I have learned not to worry about love,
but to honor its coming with all my heart
To examine the dark mysteries of the brook with headless heed and swirl,
To know the rush of feelings sift and flowing as water.
The source appears to be some inexhaustible spring
within our twin and triple selves;
the new face I turn up to you
no one else on earth
At times in my college journals, I recorded quotes or poems. The one above came with the notation, “I like this poem.” No author attribution and little else to explain my note of it, though it comes near the beginning of the diary I kept from my senior year of college through the next year, which was also the first year Adventure Guy and I were married.
The striking part, especially in retrospect, is that I had not “learned not to worry about love.” In fact, the diary is filled with accounts of the status of our relationship. If I didn’t know the outcome, I might say, when confronted with a similar account, that the status likely wasn’t one that would lead to lasting commitment. Those years tried us in as many ways as they fulfilled us.
My diary opens prior to our engagement and records the difficulties of a long-distance relationship. Numerous accounts of the difficulty I had in reaching Adventure Guy and of his efforts to keep in touch via pay phone while conducting engineering studies “in the field” testify to the world that existed before cell phones became ubiquitous. I actually had to wait– sometimes more than a day–to speak to him.
Besides waiting by the phone, I student taught, planned a wedding, graduated from college, moved home briefly, learned I wouldn’t be teaching that first year, got married, survived Ponca City, Oklahoma, and moved to Houston. I recorded desire to just be done with school along with the realization that I’ll miss it when it’s over. I professed my undying love for Adventure Guy on one page and expressed fears about making a lifetime commitment at such a young age on the next. While my current self is firmly in touch with the undying love part, I have no recollection of actually having, much less recording, the fears. I find them weirdly reassuring, however. Proof that I may have been young but that I did not enter married life naively.
But what I find even more interesting is the parts I left out. There is no account of our engagement in October of 1989 until a week later. By then, I wrote about my excitement and of the “perfect” proposal. I neglected the part about how we’d fought earlier in the evening and Adventure Guy almost changed his mind about his timing (he promises me he didn’t reconsider the proposal itself). I do write about “the worst fight I think we’ve ever had” in April of 1990. Right now, I know exactly what the fight was about, but only because I remember. There’s no mention of the topic in the diary. I skipped any mention of the wedding and honeymoon completely, other than a later entry about how fast everything went after months of planning.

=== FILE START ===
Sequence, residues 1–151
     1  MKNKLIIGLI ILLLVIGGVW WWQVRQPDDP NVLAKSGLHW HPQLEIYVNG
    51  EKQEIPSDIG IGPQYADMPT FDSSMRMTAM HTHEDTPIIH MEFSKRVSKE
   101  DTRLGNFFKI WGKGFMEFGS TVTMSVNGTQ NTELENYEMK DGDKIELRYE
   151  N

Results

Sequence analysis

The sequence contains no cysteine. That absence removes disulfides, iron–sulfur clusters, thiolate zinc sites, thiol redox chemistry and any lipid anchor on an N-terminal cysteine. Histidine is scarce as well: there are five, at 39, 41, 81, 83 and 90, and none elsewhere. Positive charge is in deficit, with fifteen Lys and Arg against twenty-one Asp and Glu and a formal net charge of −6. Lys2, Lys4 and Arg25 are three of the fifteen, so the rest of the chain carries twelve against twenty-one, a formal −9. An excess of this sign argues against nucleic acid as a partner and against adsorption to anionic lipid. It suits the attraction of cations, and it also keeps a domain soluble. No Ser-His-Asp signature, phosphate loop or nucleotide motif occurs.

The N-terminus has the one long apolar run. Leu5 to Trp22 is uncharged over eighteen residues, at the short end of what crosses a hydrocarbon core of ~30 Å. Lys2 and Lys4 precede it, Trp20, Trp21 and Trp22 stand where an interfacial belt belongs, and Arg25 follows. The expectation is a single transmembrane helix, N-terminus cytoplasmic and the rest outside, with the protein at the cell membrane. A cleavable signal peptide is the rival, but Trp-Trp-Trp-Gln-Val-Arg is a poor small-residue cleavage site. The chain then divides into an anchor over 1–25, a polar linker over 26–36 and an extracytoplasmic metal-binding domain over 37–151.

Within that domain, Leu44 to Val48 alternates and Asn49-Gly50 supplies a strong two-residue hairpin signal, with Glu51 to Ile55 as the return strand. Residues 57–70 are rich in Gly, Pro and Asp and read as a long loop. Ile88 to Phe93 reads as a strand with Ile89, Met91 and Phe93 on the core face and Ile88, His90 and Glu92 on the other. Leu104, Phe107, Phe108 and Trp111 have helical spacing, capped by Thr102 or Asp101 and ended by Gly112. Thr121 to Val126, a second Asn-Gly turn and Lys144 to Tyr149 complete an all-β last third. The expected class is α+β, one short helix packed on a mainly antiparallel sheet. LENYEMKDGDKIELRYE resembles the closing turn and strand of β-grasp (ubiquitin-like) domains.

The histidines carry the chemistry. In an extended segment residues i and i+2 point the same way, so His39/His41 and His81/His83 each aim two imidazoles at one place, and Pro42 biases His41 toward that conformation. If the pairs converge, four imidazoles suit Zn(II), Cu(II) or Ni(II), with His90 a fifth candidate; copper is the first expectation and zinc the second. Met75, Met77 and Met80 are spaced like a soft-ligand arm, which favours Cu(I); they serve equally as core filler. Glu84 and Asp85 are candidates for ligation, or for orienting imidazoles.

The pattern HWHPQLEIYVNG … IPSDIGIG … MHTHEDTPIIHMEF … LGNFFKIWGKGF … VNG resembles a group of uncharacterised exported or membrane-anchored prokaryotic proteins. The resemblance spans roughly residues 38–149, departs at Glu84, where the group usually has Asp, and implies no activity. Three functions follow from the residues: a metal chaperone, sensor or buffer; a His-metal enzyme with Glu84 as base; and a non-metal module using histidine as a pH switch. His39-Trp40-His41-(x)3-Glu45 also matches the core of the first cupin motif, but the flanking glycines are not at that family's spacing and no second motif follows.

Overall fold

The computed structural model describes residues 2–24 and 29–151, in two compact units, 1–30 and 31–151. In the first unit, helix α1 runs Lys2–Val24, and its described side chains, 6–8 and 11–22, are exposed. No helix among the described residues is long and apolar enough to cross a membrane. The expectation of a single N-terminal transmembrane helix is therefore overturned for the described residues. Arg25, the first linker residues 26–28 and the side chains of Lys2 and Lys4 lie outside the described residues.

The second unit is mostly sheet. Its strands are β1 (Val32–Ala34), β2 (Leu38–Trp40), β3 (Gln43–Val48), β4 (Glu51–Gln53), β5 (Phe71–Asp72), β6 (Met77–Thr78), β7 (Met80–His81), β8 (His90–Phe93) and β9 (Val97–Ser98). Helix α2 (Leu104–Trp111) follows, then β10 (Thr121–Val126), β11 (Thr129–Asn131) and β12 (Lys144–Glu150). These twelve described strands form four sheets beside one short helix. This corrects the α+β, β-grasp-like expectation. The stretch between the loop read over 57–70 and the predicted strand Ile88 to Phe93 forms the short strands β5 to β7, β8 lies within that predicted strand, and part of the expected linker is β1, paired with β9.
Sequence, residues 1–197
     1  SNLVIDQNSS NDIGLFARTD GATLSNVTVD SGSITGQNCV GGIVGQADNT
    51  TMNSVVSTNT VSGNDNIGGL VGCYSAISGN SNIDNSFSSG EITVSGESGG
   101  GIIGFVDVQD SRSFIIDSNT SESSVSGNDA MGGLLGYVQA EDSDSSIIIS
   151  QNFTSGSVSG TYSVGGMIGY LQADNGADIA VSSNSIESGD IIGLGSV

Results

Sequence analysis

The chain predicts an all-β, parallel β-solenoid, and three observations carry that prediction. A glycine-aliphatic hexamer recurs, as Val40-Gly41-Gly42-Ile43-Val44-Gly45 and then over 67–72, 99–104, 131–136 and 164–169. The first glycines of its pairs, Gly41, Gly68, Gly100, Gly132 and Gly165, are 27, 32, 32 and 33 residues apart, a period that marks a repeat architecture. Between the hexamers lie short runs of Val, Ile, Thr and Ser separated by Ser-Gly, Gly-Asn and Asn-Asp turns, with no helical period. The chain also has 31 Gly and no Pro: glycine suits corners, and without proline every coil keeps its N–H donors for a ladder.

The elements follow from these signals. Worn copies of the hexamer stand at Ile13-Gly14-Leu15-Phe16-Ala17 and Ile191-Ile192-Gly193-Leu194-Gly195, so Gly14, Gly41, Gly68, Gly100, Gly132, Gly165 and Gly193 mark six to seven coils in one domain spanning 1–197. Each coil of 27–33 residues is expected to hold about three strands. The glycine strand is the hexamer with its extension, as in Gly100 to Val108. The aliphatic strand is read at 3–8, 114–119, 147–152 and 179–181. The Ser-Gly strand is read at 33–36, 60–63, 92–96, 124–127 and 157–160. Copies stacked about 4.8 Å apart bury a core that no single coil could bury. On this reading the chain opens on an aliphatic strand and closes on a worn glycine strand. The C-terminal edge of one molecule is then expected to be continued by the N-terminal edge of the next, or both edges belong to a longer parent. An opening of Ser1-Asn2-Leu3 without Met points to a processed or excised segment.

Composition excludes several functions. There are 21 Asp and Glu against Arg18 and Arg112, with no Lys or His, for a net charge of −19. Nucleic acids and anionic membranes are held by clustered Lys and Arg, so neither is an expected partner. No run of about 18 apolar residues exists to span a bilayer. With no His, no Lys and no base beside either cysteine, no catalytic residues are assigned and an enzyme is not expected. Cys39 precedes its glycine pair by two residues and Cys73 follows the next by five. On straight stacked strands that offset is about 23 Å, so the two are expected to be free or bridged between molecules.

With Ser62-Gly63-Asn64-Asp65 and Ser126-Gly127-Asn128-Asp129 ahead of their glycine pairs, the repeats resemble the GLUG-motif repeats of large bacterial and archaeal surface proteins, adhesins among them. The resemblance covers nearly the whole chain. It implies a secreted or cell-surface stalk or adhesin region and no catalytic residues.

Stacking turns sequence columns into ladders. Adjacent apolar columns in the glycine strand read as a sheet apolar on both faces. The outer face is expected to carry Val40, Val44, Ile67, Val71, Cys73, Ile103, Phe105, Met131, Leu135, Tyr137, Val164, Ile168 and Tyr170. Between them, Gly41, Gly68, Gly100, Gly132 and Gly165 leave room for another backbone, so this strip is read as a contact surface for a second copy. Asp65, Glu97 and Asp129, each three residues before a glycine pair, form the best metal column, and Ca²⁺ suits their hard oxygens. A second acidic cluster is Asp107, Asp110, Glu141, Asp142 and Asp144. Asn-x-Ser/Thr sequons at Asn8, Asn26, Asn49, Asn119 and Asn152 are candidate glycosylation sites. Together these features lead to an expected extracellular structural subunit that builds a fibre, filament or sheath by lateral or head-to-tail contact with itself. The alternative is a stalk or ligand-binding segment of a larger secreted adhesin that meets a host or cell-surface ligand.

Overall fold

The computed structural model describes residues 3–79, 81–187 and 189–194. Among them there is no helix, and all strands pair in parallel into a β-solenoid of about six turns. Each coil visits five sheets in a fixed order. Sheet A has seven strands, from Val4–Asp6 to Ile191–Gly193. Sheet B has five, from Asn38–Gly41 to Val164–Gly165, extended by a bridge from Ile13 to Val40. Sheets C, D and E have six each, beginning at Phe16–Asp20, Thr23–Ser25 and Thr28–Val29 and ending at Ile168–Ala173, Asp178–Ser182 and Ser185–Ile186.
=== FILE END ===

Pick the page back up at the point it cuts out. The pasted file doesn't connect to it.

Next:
Since that diary ended around our first anniversary in 1991, I haven’t kept a paper journal. Other than the notes in our photo albums and a travel journal during our tenth anniversary trip to Europe, I didn’t record my experiences or thoughts again until I began blogging a couple of years ago. I wonder if rereading these entries will bring the same cringe of embarrassment that comes with looking back at my earlier writings.
Harriet at Spynotes writes,
Are there points in your life where you have been aware of wanting to remember this in later? If so, what kinds of events put you there? Is it induced from the outside, by someone telling you to remember? Or is internally driven? How important to you is historical accuracy? Is that the true thing? Or is it something else?
My answer is, there are often times when I’m struck by the feeling that I must remember a particular moment. But, typically, I don’t write them down while I’m in the moment. I have written here, though, of two of the times I’ve been most aware of a need for remembrance: a moment on a beach in Grenada while I was expecting DD2 and when I realized that I was completely content with where I was in life and the moment when I nursed Soccer Boy for what I knew would be the last time, not only for him but for me.
Perhaps the self I represent here is a “new face,” someone not quite the same person as the one who lives outside of cyberspace. Will I find that self as embarrassing as I find some of the “selves” that come through the pages of those earlier journals? I don’t know. But I hope that my future self, and eventually my children’s future selves, will find this account to be true, to be a reflection of who I am at this point in my life.